In this installment of our “Where Are They Now?” profiles, we talk to 2010 hackNY Fellow Ian Jennings Jablonowski, who is continuing to build out his project from the 2011 hackNY Spring Student Hackathon. Ian will be interning with Facebook this summer.
Ian, what are you up to these days?
I’m going to school working on products I did before the summer, and working on my major. Recently I’ve been working on b00st, the site I started after the Spring Hackathon. It’s a social news site like Reddit, but in real time. As votes come in, the numbers go up on new comments in real time. I want to move news into that area.
Can you tell us more about it?
I want to grow a large realtime community and see what possible features to introduce. It’s a newer idea of community and the forum is like modern forum. PHPbb is old school and you can’t really tell the difference between one forum and another. 4chan is similar to other image boards. Reddit and Digg look similar, too. I want to push the envelope a little bit, to innovate on that.
What are you studying at Rutgers?
I’m an information technology major. I’m more interested in how people use computers rather than how computers serve people.
I’m also into info visualization, making data look like art. I’m working on a cool project in one of my classes related to bus transit. It’s called NextBus and lets you see when the next bus is coming on campus. It shows you where they are and what the next stops are. The script runs every minute and shows how long it really takes for the bus to get there, as well as the average wait for each bus on campus by day.
I’m also minoring in digital communications. One of my most interesting classes for that this semester was on strategic presentation. We learn how to make videos go viral, creating projects for non-profits. I’m helping a non-profit radio station. We’re making videos and trying to get word out and find volunteers for them.
What have you been up to outside of classes?
Since last year I took up drums. I’m doing pretty good and have a kit in my room . I’m not in a band yet, but I’m pretty comfortable on them and am able to play a few songs. It’s only been a few months, so I don’t expect too much of myself.
I’ve also been working on Rutgers Reddit, which has exploded recently.
Recently I took part in and won a contest at Rutgers called Hat Chase where seven people in crazy hats walked around different parts of campus. Teams competed to broadcast the hats’ locations to as many people as possible and have those people broadcast the information to their networks. It was really about how people share things with their network, how to share information in real time about emergencies and how to report and organize. The project was part of CCICADA, a Department of Homeland Security Center of Excellence.
I started building a team by using Reddit and 2011 hackNY Fellow Abe Stanway stepped up to help lead the team. We used GroupMe as our main way to report information and had team members on each campus watching for the hats. I think we won because the goal was to see how information travels across social networks, and we had good documentation. The prize was $4,000, which we split between our team of 20.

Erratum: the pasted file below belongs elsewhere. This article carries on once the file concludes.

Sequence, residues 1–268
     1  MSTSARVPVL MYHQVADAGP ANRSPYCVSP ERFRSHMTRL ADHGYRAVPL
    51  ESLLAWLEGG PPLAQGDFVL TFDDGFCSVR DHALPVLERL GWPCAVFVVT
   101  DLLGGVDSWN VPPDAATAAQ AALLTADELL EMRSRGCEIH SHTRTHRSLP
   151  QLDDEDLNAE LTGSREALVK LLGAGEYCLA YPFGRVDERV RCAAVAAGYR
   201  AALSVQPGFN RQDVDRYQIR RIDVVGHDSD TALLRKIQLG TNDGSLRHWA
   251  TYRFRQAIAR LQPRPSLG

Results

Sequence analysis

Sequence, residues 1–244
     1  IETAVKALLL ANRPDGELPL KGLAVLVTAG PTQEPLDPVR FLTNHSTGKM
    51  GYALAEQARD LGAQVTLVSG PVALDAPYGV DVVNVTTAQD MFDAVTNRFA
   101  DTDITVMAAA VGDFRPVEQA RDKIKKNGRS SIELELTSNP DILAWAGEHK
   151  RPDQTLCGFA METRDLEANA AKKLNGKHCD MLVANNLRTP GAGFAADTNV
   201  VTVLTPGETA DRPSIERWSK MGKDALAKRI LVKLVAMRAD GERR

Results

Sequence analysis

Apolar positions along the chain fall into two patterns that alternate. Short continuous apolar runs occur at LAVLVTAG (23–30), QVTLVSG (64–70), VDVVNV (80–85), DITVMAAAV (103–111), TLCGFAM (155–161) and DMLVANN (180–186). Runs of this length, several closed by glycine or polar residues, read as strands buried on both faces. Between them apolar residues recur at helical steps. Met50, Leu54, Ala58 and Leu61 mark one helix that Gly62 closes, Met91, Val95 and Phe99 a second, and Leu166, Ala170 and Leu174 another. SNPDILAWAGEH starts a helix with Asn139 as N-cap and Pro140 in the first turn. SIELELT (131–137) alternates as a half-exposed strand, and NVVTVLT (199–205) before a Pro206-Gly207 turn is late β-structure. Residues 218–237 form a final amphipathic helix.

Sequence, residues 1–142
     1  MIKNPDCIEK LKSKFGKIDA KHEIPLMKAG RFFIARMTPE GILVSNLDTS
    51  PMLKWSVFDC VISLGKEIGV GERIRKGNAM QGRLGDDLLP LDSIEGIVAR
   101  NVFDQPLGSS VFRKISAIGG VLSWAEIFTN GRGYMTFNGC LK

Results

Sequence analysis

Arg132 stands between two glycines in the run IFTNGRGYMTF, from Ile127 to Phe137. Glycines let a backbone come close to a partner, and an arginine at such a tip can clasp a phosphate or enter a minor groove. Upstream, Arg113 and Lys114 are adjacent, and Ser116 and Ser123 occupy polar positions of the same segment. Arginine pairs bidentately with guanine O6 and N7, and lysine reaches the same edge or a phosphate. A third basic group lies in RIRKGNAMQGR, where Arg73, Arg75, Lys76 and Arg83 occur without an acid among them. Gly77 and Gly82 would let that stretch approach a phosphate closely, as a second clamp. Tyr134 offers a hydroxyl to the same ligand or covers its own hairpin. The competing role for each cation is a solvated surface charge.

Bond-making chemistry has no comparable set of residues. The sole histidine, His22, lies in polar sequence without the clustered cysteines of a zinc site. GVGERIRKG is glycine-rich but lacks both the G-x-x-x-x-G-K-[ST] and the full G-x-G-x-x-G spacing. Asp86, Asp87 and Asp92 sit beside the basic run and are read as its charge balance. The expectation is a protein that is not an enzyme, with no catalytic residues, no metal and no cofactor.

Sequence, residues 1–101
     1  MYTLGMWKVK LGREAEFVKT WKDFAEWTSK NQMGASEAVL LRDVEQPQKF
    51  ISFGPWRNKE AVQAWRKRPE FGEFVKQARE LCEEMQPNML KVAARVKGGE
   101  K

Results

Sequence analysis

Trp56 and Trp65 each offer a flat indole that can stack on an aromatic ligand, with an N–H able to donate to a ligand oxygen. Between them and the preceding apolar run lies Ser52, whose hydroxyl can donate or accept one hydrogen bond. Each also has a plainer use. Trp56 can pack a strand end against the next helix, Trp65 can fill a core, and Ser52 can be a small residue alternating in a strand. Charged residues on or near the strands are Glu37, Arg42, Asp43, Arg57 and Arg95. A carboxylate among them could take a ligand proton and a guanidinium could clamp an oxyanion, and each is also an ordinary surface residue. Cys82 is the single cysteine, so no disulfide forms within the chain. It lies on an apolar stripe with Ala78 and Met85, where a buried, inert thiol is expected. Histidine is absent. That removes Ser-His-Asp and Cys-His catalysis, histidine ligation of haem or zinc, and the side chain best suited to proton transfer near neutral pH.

Also I’ve been working as part of a research group for the past two years helping with code and data harvesting. One of the projects is a network for concerts to aggregate information like set lists and videos shot at the concerts and archive all of the new media that gets produced during the show.
Whatever happened to your Fall 2010 Hackathon winning project?
Rooster.am launched and it’s free to use. It’s a fun thing to keep up and running. People like it and use it. I haven’t been trying to monetize it, but I enter it in contests every now and then. It’s not something I’ve actively working on anymore, but people say it’s useful and that it works for them everyday. The biggest complaint is that the rooster sound is annoying, but it’s kind of fun, I feel.
What else have you learned since being a hackNY Fellow last summer?
I’ve changed from being an all-around person to specializing more in the front end and user experience field from where I was year ago, just trying to do everything. Now I’m trying to focus my talents on front end stuff.
I knew I was going this way because of the hacks I was doing. Hacks are either very technical or visual/cool. Most either show you data or a pretty finished Twitter clone or something. I was always trying the cooler, impressive-looking kinds of things rather than focusing on data crunching and performance. That’s what I liked to do in my spare time. Also, when I applied to intern at Facebook, one of my professors said, “I’m gonna send you to the UX people.” I asked him why and he said, “That’s where you’ll fit in, that’s exactly what you should do.” He knows what I’m good at and what I’m bad at.
How has being a hackNY Fellow helped you?
I now have 20 friends in New York I see all the time. It definitely puts you in the scene. There’s no way I could’ve met all those people if didn’t do that program. I’m able to email moot and ask his opinion on something, and it’s easy for me to arrange a meeting with Chris Dixon and stay connected.
The program gave me guidance on where I want to go, and showed me the process of having a startup and what it takes. It didn’t preach, just took us out there, showed us what startups are like and let us meet people.
It was a much more hands-on, personal experience than telling us “this is right and this is how much equity you should take.” It prepared me to work at startup or start my own.